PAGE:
Special Election Coverage
as prepared by Dave Wenhold, CAE, PLC
It is our pleasure to provide you with a brief update on the election and our nonpartisan analysis of what’s next in Washington. First, this was a historical election for many reasons but one of the biggest ones is that this election will end up costing over $6 billion by the time everything is accounted for. In Washington, where everyone is screaming about the fiscal cliff, those getting elected or re-elected were not worried about the amount of money it took to try and gain political office. In the Connecticut Senate race alone, the loser of the race spent $43 million dollars to try and win an open seat. (All this for a salary of $174,000 per year!)
The day after voters finally ended a long, bruising election, Washington looked much the same as it did before the election. If voters were fed up with the most unpopular Congress in polling history (9% satisfaction at its lowest this summer), they didn't show it on Election Day. Republicans were left in charge of the House. Democrats added seats to their majority in the Senate. And President Obama was re-elected to the White House by a wide margin in the Electoral College vote.
Many pundits spent the day after the election discussing their ideas of why the Republicans lost, why the Democrats won and what the future holds for the country. Regardless of your politics, here are some takeaways from the election results. Additionally, we have included a short PowerPoint with some excellent graphs.
- Voters stated that the number one issue was the economy.
- Exit polls showed that a large percentage blamed President Bush for the current economic situation and did not hold President Obama or the past two Congresses responsible.
- President Obama was the only President elected with over a 7.2% unemployment rate since 1936.
- Women once again made significant gains in political seats. For example in New Hampshire, women hold the two House and Senate seats, plus the Governor’s seat.
- A breakdown of voter demographics show where each party had success:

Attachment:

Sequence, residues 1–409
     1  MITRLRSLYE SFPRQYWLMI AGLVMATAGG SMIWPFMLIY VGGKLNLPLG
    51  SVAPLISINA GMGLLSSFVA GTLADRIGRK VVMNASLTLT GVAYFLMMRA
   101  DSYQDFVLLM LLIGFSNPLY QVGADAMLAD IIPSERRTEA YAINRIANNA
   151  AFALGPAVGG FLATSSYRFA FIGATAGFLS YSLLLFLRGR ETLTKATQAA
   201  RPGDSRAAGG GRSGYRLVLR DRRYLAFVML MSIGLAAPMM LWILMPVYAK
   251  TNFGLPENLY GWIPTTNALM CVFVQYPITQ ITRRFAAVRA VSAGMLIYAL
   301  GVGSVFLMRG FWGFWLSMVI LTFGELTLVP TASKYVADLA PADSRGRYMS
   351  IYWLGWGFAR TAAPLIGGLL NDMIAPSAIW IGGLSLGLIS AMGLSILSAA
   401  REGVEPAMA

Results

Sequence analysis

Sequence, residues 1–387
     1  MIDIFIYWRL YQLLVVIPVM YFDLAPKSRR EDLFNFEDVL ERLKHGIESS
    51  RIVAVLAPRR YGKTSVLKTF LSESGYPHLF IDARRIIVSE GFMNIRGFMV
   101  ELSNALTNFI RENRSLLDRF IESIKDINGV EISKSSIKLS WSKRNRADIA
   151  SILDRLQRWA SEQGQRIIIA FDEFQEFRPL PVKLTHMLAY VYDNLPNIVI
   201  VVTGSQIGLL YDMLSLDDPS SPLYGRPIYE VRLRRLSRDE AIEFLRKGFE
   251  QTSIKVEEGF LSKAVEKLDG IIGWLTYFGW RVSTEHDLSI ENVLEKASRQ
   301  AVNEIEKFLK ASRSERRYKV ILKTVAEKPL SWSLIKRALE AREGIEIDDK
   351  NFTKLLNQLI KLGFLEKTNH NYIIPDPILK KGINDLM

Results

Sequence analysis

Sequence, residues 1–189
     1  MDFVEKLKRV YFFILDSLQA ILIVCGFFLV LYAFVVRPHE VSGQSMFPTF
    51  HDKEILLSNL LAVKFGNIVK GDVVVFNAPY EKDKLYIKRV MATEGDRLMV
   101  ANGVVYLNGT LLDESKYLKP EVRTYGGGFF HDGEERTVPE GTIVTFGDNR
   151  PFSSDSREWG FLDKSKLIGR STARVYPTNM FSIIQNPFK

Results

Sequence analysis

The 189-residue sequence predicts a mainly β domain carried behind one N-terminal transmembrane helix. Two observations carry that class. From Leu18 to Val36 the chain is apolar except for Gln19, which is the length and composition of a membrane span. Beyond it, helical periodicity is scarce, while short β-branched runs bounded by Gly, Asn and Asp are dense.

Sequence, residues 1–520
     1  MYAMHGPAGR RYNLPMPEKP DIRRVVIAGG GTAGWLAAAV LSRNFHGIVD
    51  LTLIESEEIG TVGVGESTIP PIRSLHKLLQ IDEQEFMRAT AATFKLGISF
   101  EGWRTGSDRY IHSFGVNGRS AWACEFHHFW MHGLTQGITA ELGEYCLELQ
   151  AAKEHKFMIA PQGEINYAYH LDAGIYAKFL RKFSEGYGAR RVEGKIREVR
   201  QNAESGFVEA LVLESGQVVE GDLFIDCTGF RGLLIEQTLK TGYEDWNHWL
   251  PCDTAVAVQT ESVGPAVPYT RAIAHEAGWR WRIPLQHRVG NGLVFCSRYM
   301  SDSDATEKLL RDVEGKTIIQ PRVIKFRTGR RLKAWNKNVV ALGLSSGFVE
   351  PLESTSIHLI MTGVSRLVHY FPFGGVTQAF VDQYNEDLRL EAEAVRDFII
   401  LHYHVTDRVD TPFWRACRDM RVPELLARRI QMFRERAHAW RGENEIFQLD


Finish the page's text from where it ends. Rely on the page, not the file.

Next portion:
- o President Obama captured the youth vote (18-29), which showed up as 19% of the entire voter base, up from 17% in 2008.
- o Obama received 93% of the African-American vote, 74% of the Asian vote, and 71% of the Hispanic vote. He also captured the single woman with 68% of the vote.
- o Obama won the urban areas with populations of 500,000 or more and trended higher in the 50,000-500,000 areas.
- o Romney won the suburbs and rural areas.
- o Romney received a 52% vote from men and his base trended to be older, Caucasian males.
- o The Caucasian vote overall dropped by 2% compared to 2008.
- o Romney took the older over (45-up) by over 53%.
Finally, voters were clear in their exit polling that they expected progress and were not happy with the political gridlock, which ties up Washington currently. Many people acknowledged that they are not better off than they were four years ago and feel that the Members of Congress and the President will be held accountable from this point forward.
Also unchanged is the long list of serious challenges lawmakers left behind to hit the campaign trail, issues that could throw the country into another economic tailspin if the polarized partisans can't find a compromise. Some of these issues include the dealing immediately with the fiscal cliff and the sequestration.
Congress will return to a long lame duck agenda in 5 short days. In addition to big-ticket questions like averting sequestration and addressing expiring tax cuts, there are plenty of low-profile items.
Below is a list of unfinished legislative items created by staff in the office of Senate Majority Leader Harry Reid, D-Nev. The length of the list ensures many items will not be completed in this Congress:
- SAFER and FIRE Grants
- Cyber security
- Defense authorization
- Russia trade
- Farm bill
- Disabilities treaty
- Tax extenders
- FISA reauthorization
- VAWA conference
- Congressional review
- Credit union lending
- Intel authorization
- Water Resources Development
- Rural housing
- TAG program (FDIC insurance)
- Children’s Hospitals GME reauthorization
- Tax treaties
- A public lands package
- The Law of the Sea treaty
- Miscellaneous Tariff Bill
- Carcieri Fix
- Doc fix/health extenders
- 2001/2003/2009 tax cuts
Last year Congress was tagged as the “do nothing” Congress and passed the lowest number of bills in history since 1945. The partisanship on the Hill is nothing like we have ever seen in over 20 years of lobbying at Miller/Wenhold Capitol Strategies. It is clear that from now until the end of the year, Congress has some priorities it must focus on to ensure we do not slip further into a recession.
If you would like any further information on election results, we suggest the following sites that may be of interest.